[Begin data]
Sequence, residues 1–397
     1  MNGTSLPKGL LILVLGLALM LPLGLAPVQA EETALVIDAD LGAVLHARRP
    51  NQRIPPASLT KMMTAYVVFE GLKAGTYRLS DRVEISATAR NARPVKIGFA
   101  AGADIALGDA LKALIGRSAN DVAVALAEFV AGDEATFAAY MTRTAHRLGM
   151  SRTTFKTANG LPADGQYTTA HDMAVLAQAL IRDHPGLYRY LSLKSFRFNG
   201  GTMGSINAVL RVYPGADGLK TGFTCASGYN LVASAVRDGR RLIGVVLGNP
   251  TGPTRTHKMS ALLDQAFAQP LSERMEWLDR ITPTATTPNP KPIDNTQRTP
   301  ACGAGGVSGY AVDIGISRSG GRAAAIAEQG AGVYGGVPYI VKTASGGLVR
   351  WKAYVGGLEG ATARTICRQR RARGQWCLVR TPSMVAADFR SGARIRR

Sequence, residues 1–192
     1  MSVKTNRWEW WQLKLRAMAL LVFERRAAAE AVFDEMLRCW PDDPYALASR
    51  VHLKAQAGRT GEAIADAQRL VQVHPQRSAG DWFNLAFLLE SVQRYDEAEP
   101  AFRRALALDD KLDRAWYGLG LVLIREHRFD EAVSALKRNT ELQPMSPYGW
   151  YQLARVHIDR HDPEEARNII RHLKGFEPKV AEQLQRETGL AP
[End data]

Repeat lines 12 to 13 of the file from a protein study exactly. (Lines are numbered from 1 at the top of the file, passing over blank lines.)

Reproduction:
    51  VHLKAQAGRT GEAIADAQRL VQVHPQRSAG DWFNLAFLLE SVQRYDEAEP
   101  AFRRALALDD KLDRAWYGLG LVLIREHRFD EAVSALKRNT ELQPMSPYGW